The investigation into Reynolds’ operation was called operation “Sand Wedge,” because Reynolds liked to play golf.
According to federal seizure warrants, he also liked to gamble in Las Vegas, Nev., where agents traced at least four gambling junkets in which Reynolds bought more than $115,000 worth of casino chips.
Agents also tried to keep track of the cars he was buying but never put in his own name.
In August 2010, he purchased a new Camaro and registered it in his mother’s name, but agents saw only Reynolds or Munoz driving the car, which they estimated at being worth $25,000 to $30,000. In 2011, Reynolds bought a Ford King Ranch F-350 pick-up truck for approximately $45,000. But he registered it in the name of a man in California.
In 2013, he bought a new Honda Accord and registered it in the name of one of his drug runners who lived in Santa Fe.
Court records recount a telephone conversation between Reynolds and an associate in which Reynolds complained about putting $100,000 into rebuilding a 1957 car that isn’t otherwise described.
Other surveillance reports have Reynolds keeping other cars – a Jeep Cherokee and a Lexus – in a storage garage rented in Munoz’ name where Reynolds allegedly also stored drugs.
Agents could find only one legitimate job that Reynolds held from 2009 through 2013; it was at Eclipse Aviation, where he earned $5,700 in three months.
Court records show that federal and local narcotics agents had a difficult time cracking what they called the Reynolds Drug Trafficking Organization.
Several search warrants recount times when members of the organization spotted law enforcement surveillance in and around the Los Padillas neighborhood where Reynolds operated.
Although the neighborhood has long been home to the Los Padillas gang, none of the people working with Reynolds overtly displayed gang ties.
Reynolds and several of his associates appear to have learned from their prior drug arrests – none of which amounted to any significant jail time.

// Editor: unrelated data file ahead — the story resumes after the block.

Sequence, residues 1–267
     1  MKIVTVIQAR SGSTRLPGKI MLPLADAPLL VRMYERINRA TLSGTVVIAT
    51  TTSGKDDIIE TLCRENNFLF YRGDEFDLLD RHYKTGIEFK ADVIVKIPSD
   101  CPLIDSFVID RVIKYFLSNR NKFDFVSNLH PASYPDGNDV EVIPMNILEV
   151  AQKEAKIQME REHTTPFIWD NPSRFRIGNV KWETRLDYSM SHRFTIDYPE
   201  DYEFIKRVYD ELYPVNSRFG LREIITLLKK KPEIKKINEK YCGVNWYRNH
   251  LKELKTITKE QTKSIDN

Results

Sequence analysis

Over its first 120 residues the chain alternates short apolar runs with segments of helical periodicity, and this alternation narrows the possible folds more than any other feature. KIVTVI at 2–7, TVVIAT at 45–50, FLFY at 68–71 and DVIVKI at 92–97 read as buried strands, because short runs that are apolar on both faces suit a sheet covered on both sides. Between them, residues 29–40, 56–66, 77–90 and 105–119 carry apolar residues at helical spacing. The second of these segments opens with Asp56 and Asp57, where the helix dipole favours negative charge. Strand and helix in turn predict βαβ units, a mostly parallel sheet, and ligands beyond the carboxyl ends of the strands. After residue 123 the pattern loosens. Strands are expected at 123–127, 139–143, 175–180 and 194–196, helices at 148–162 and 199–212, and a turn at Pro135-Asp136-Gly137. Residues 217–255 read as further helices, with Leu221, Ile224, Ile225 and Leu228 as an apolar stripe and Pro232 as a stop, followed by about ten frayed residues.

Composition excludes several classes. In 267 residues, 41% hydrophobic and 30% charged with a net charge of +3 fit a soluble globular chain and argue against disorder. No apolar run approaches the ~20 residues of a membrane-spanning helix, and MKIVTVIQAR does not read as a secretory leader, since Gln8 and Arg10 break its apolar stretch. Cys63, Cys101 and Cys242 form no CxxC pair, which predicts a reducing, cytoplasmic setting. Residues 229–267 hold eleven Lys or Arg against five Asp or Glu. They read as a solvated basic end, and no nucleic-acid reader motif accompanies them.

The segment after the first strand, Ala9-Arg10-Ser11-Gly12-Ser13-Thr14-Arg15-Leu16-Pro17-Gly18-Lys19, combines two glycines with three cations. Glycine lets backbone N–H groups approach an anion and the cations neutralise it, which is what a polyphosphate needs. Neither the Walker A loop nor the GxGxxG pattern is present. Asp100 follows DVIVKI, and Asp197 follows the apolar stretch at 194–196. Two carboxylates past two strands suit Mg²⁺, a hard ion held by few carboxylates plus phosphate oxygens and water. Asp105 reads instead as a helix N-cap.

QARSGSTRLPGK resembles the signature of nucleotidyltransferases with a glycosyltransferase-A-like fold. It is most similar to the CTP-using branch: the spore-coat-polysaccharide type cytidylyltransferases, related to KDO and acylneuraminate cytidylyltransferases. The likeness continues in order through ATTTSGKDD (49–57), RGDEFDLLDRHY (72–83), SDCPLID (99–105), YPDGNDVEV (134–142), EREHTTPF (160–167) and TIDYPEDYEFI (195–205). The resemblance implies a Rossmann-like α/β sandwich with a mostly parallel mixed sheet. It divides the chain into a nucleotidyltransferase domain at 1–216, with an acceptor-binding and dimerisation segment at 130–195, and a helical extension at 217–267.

For instance, they changed cellular phones often, in some cases as often as every 30 days, or more frequently if they suspected police surveillance.
Their telephone conversations appear in court records to be short and mainly to arrange face-to-face meetings.
Gene Solis, 20, accused of being one of Reynolds’ main drug runners, was apparently adept at spotting police surveillance, according to reports.
Solis has pleaded not guilty and was released pending trial to a halfway house.
On several occasions, Solis canceled drug or money deliveries to Reynolds because he spotted federal agents following him or watching Reynolds’ home, the reports say.
Heroin and other drugs that Ramirez and his associates allegedly sold were stored away from their homes in storage lockers or the homes of minor members of the organization.
Court records show that they were able to quickly change drug suppliers.
Last June, Jose Martinez-Encinias, 41, was arrested with two kilograms of heroin, one kilogram of cocaine and 17 firearms. He had been identified as the main source of drugs for Reynolds’ group at that time, according to court records.
Within a few weeks, Ramirez and his associates were allegedly receiving drugs from local contractor Humberto Hernandez, 37, although there were complaints that the heroin was not as strong as the organization’s clients had been using. Hernandez is one of the 14 arrested with Reynolds. Both Hernandez and Martinez-Encinias have pleaded not guilty.